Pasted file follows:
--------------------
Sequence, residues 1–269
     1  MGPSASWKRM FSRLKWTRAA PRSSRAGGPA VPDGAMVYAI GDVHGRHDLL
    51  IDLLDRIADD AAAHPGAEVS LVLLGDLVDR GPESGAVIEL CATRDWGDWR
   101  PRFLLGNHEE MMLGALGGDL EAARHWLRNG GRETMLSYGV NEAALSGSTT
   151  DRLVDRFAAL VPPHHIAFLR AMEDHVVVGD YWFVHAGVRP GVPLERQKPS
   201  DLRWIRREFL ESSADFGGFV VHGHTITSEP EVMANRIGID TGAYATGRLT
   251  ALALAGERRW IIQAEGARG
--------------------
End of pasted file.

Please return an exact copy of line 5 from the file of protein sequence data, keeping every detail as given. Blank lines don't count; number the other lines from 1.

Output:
   151  DRLVDRFAAL VPPHHIAFLR AMEDHVVVGD YWFVHAGVRP GVPLERQKPS